Peter O’Mahony, the Rage Virus and Statistics

Ireland’s backrow is most confusing in its current iteration – it appears unbalanced (what’s new), consisting of an 8, a 6.5 and a 6/7/8 (delete as appropriate), and appears unable to grab a game by the scruff of the neck.  Far from the traditional roles one associates with the 6, 7 and 8, Ireland’s appears to be a jumble of roles.  Now, we’re not against fluidity of systems, but given Ireland’s recent results, it has to be asked – does the current backrow work?  For the record it looks like this:

No.6 Peter O’Mahony

Typical role of number 6: tackle anything that moves, truck dirty slow ball around the corner and try to turn it into quicker ball, add ballast to mauls, possible tail of lineout option

Prototype: Dan Lydiate, Stephen Ferris

Role of O’Mahony (as we understand it). Standing wide between the centres, looking to join up the play and make rangy breaks in midfield by handing off defenders.  Important part of lineout.

No. 7 Sean O’Brien

Typical role of number 7: arrive first at as many rucks as possible, win turnovers, track ball carriers, take and give offloads to bring continuity to play

Prototype: Sir Ruchie, David Pocock, Justin Tipuric

Role of O’Brien (as we understand it): primary ball carrier. Relied upon to repeatedly carry slow ball over the gainline and deliver huge tackle count in defence.

No.8 Jamie Heaslip

Typical role of number 8: set up attacks off the base of scrum, carry ball, usually allowed a little more free reign to stand wide from ruck to get ball in space, should have good hands, often a lineout option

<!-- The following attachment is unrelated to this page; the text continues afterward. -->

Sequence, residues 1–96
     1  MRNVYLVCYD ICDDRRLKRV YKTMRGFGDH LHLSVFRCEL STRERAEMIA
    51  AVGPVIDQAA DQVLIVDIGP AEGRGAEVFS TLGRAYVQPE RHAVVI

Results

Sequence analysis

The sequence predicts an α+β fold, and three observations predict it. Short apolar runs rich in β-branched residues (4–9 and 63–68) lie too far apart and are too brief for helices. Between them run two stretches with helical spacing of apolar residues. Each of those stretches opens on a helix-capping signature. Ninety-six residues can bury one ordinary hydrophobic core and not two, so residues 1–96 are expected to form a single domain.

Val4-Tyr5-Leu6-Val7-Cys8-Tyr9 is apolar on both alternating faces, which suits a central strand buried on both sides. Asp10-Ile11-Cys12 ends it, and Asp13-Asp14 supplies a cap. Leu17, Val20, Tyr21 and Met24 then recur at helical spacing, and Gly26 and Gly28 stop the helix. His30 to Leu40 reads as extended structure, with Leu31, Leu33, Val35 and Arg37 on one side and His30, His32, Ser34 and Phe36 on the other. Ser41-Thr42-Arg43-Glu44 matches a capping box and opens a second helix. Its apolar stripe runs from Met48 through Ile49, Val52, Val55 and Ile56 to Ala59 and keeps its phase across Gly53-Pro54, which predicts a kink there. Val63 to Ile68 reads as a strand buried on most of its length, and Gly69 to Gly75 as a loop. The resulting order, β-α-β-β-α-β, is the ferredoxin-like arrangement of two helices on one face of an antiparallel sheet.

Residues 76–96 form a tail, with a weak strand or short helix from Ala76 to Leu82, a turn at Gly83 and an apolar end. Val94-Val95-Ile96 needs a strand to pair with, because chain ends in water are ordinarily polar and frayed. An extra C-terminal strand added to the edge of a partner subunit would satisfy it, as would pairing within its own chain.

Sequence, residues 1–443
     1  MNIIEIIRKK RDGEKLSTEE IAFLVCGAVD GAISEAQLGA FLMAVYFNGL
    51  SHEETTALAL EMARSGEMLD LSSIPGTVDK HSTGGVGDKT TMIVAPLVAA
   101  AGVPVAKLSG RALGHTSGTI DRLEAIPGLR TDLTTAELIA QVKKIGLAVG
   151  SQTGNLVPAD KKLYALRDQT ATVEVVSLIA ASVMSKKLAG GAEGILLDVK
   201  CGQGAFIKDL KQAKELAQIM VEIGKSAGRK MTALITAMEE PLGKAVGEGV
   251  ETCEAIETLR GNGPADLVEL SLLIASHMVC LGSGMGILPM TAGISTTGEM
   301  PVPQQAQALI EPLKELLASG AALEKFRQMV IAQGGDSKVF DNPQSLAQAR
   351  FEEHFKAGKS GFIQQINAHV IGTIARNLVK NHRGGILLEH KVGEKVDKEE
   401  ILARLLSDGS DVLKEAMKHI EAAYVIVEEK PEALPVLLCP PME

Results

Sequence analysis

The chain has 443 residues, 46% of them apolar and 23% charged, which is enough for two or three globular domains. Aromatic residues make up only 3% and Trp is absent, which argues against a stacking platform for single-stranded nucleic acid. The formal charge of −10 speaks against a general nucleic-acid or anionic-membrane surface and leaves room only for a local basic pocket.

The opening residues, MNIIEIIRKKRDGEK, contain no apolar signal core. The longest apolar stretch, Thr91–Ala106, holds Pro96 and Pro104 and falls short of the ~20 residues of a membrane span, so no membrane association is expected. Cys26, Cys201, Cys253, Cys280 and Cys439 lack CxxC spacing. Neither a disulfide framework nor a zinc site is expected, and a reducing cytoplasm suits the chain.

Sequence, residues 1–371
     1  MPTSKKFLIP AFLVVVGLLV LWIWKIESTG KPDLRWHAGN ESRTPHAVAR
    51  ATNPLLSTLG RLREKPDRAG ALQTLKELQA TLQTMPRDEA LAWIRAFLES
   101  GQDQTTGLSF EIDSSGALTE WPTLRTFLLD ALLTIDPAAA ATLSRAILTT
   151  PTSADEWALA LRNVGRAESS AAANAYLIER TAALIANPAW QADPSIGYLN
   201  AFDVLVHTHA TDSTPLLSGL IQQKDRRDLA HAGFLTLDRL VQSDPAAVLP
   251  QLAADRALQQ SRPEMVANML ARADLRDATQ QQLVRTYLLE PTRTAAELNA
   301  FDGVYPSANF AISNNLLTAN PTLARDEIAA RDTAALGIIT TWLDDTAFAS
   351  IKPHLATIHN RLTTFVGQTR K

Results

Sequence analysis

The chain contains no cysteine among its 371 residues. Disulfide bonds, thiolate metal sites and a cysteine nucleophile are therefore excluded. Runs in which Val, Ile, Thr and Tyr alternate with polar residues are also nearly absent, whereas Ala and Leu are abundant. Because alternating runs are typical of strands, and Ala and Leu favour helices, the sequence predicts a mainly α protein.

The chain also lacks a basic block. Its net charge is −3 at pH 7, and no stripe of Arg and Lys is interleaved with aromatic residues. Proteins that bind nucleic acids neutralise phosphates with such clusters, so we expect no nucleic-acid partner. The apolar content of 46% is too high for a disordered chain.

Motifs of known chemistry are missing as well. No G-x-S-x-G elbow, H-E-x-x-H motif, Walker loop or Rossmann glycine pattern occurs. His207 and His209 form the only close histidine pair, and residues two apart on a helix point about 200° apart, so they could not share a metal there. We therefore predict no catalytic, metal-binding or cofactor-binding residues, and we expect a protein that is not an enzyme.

Prototype: Sergio Parisse, Louis Picamoles

Role of Jamie Heaslip (as we understand it): used primarily in tight, where he is depended upon to clear rucks and win turnovers.  Seldom asked to carry the ball.

It’s certainly a far cry from, say, Wales’ uber-traditional backrow where the 6 (Lydiate / Jones), 7 (Warburton / Tipuric) and 8 (Felatau) are outstanding in the traditional primary roles.  As a unit, Ireland’s backrow performed well against Wales, were hopelessly outmuscled against England and did enough against Scotland to deliver sufficient clean ball and go-forward to win the game, which failed to happen for various reasons.  Looking at the individuals, we’d say O’Mahony was good against Wales, ordinary against England and poor against Scotland.  Heaslip was good against Scotland, poor against England and average against Wales.  O’Brien has probably been our best forward, heroically committed and hardworking – with the caveat that he has given away too many penalties.

Any time we try to have a rational debate, it degenerates quickly into bitter provincial bickering – Munster folk will point to Jamie Heaslip’s relative lack of visibility while Leinster and Ulster folk will decry Peter O’Mahony’s lack of impact, and lament the absence of the glorious Fez. Sean O’Brien is largely spared criticism, thankfully, for if we agreed on nothing, this would be a most depressing state of affairs.  The oddly fitting roles probably don’t help here.  We expect our 6 to be a tackling machine, and our 8 to be making big plays, but neither seems to be the case.

The statistics from ESPN Scrum bear out the above thesis.

Carrying: Heaslip has carried for 27 cumulative metres over three matches.  O’Mahony and O’Brien have over 90m each, with O’Mahony averaging over 4m a carry.  He made an eye-catching 65m from nine carries in his best game of the series, against Wales.  Carrying the ball further away from the ruck allows him more space to make metres, while O’Brien is asked to carry slow ball repeatedly.  He has made 44 attempted carries so far.

Tackling: O’Brien appears something of a workaholic, adding a huge tackle count to his carrying ability.  He has 28 successful tackles to his name.  Heaslip, as we’d expect given his responsibility close to the ruck, leads the tackle count on 30.  O’Mahony’s tackle count is somewhat dwarfed by the other two, on 13 over three games, again reflecting his tendency to  play further out from the ruck.

Discipline: O’Mahony has a reputation as a penalty machine, but he’s only cost his team two so far this series.  O’Brien has never shaken off his tendency not to roll away quickly enough in the tackle area, and has coughed up six penalties.  Heaslip – usually a well disciplined player – has cost his team five penalties so far.